Fraser-Pryce, Cheptegei, Hollaway and Tola triumph in Oregon

July 18, 2022

The performance of the 3rd day at the world championships in Oregon was arguably Joshua Cheptegei’s spectacular run in the men’s 10,000m final where he defended his title in 27:27.43. 

One would have assumed that Cheptegei was not confident with his finishing kick as he kept stepping to the front occasionally to ensure a fast pace in the early stages of the race. But he was in control in the last two laps where he followed a 60 seconds penultimate lap with a sizzling 53.40!

Kenya’s Stanley Waithaka Mburu, also with an amazing final lap of 53.78 seconds won the silver medal in 27:27.90 ahead of another Ugandan, Jacob Kiplimo who finished in 27:27.97 in the bronze medal position.

USA's Grant Fisher, with the world leading time this year, finished 4th equalling the best finish by a United States runner in the 10,000m by Galen Rupp in 2013.

Then there was the women’s 100m final in which Shelly-Ann Fraser-Pryce, ran a new championship record of 10.67 to win the gold medal becoming the oldest world champion in an individual event on track. This was the third time Fraser-Pryce was running the same time this year after she did it in Nairobi at the Kip Keino Classic in May, repeated it in Paris in June, and did it once more today (17th July) at the World Championship final turning the world leading time into a new championship record. It was a podium sweep by Jamaica with Sherica Jackson coming second in a personal best 10.73 and Elaine Thompson third in 10.81.

Grant Hollaway took the gold medal in the men’s 110mH in an event that was expected to be another possible podium sweep by the USA before Daven Allen did a false start by a thousandth of a second. Hollaway won it in 13.03. Countryman, Trey Cunningham finished second in 13.08 for the silver medal. Asier Martínez of Spain ran a new personal best time of 13.17 to get the bronze medal.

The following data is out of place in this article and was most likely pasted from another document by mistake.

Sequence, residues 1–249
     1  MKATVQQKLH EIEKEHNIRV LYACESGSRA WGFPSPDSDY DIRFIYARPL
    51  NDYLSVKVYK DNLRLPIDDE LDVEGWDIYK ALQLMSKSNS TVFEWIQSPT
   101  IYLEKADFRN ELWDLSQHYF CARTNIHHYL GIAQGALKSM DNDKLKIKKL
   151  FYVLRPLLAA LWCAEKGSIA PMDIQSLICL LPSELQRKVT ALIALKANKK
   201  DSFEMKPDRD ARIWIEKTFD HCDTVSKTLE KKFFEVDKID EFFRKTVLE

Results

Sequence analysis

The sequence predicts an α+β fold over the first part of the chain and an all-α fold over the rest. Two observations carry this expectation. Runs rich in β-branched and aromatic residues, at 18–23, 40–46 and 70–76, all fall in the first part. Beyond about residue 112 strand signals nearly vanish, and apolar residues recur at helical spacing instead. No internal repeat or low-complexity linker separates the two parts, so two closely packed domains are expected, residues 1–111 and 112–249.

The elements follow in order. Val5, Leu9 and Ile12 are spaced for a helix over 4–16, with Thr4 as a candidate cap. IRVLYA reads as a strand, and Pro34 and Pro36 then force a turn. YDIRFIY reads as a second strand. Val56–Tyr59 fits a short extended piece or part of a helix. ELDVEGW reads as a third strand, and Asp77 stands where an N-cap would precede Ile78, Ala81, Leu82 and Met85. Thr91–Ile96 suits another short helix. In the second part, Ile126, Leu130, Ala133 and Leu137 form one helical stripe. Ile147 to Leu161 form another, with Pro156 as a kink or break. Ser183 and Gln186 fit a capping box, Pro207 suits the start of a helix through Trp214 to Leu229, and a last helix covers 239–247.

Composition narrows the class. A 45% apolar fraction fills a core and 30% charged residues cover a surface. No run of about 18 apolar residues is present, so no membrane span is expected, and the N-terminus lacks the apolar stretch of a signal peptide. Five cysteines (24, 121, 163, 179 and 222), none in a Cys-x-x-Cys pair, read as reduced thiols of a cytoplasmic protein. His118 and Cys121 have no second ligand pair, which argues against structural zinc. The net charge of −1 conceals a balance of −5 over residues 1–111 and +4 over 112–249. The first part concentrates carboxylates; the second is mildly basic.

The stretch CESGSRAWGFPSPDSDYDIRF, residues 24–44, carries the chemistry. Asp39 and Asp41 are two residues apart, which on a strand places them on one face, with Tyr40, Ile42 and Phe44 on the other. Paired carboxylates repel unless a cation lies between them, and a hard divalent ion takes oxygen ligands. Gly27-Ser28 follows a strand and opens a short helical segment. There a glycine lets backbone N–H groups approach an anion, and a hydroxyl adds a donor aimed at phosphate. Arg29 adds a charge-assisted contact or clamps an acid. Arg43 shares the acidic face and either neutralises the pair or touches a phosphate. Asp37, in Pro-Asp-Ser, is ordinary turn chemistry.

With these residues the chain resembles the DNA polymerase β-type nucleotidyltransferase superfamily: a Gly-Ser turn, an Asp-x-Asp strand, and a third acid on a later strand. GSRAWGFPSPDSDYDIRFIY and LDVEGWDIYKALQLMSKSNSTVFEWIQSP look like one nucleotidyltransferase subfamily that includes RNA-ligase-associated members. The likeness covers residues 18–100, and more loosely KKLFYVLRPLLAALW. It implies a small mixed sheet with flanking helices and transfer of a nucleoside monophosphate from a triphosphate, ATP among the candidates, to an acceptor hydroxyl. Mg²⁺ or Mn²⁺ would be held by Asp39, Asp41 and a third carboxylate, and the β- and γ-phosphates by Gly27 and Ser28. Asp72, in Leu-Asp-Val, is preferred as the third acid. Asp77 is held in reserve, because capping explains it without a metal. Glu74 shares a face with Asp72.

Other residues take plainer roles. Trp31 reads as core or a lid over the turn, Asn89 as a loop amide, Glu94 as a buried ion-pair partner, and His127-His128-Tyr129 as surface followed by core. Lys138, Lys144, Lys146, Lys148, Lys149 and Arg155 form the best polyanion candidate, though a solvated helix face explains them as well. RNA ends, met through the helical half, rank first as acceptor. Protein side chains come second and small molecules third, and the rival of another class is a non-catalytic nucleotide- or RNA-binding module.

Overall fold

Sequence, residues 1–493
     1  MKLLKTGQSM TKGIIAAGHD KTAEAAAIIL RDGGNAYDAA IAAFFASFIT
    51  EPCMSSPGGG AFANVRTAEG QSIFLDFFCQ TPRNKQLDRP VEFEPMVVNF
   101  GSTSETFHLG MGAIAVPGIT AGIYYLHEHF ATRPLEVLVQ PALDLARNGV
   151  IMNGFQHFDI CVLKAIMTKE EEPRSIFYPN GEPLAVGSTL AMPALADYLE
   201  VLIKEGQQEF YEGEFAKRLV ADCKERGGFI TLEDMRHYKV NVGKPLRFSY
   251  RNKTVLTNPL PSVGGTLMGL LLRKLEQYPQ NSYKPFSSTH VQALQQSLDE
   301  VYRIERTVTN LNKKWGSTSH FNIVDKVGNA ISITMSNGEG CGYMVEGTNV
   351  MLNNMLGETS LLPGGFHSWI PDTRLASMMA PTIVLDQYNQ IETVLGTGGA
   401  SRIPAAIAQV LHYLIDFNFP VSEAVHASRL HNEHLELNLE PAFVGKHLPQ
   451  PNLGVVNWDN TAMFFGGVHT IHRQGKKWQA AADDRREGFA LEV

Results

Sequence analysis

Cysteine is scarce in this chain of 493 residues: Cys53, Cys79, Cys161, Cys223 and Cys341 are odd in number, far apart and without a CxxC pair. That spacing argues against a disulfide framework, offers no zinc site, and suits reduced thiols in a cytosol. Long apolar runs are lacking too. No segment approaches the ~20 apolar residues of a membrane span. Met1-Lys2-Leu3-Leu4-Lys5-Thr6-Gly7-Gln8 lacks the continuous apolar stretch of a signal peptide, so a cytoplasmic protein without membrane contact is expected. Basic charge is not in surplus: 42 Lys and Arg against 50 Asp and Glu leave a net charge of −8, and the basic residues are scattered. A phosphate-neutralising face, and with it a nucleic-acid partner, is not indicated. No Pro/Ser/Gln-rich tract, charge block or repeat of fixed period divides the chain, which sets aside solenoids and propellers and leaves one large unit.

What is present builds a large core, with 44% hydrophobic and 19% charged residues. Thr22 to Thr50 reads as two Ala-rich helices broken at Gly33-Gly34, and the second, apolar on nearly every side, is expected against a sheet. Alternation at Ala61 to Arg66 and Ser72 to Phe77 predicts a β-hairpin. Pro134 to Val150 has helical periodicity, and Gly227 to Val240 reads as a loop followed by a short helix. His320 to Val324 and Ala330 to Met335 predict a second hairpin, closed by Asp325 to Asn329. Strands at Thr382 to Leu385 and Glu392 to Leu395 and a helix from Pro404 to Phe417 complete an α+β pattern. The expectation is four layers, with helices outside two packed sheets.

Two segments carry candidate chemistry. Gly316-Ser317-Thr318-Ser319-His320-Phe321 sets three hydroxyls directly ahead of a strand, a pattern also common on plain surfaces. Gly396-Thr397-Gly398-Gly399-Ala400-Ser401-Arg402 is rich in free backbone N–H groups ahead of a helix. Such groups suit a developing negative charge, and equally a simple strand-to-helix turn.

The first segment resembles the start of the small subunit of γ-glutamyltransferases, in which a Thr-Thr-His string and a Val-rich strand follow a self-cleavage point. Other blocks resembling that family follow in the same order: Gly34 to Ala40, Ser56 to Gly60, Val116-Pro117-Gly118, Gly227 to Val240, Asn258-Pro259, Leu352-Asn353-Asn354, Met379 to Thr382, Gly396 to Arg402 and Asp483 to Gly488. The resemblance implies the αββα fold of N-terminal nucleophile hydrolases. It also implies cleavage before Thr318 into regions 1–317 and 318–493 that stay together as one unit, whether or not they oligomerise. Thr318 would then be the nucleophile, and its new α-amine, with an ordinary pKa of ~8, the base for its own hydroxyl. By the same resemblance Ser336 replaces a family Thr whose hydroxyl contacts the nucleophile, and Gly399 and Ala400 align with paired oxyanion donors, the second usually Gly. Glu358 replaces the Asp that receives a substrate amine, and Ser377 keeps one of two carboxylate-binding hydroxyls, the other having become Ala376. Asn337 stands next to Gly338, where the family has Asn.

Earlier on, in the morning, Ethiopia's Tamirat Tola had won the men’s world marathon title in a new World Championship record of 2:05:36, demolishing the previous record of 2:06:54 set by Kenya’s Abel Kirui in 2009.

One of the reasons why marathon could be more appealing than track running is the fact that one gets to see a glimpse of the environment and the lifestyle of a city as runners go through the course and the men’s marathon race took athletics fans across the world on a tour of the Eugene City and especially on the green and beautiful landscapes around the University of Oregon. But for Ethiopian fans, it was another glorious day as they bagged another gold medal at the championships.

Shumi Dechasa of Bahrain had made a move to quicken the pace as they approached 20km, but still, about 30 runners kept together in a huge leading pack up to around the 30km point. Obviously, the qualification times set to participate in the World Championship marathon could have been one of the reasons why it was hard to separate the quality field.

For the first time, Kenya’s Geoffrey Kamworor stepped to the front at around 34km, and it seemed to trigger Tola who made a huge move, separating himself from the rest with a 2:40/km pace. The chasing group slowly turned into a single file behind him.

The gap between Tola and a chasing pack of four; Kamworor, Cameron Levins, Mosinet Geremew, and Bashir Abdi, kept stretching as he neared the finish line where he eventually finished over one minute ahead of his next competitor.

In a 1-2 finish for Ethiopia, Geremew finished second in 2:06:44, winning his 2nd consecutive silver medal in the world championships.  Belgium's Abdi came in third to win the bronze medal in 2:06:48, the best finish for Belgium in this event after the 6th place finish by Armand Parmentier in 1983.

Cameron Levins of Canada overtook Kenya’s Geoffrey Kamworor in the last kilometer of the race to finished 4th in a new national record of 2:07:09, and the best finish ever for a Canadian in this event; after Peter Maher finished 10th in 1993.

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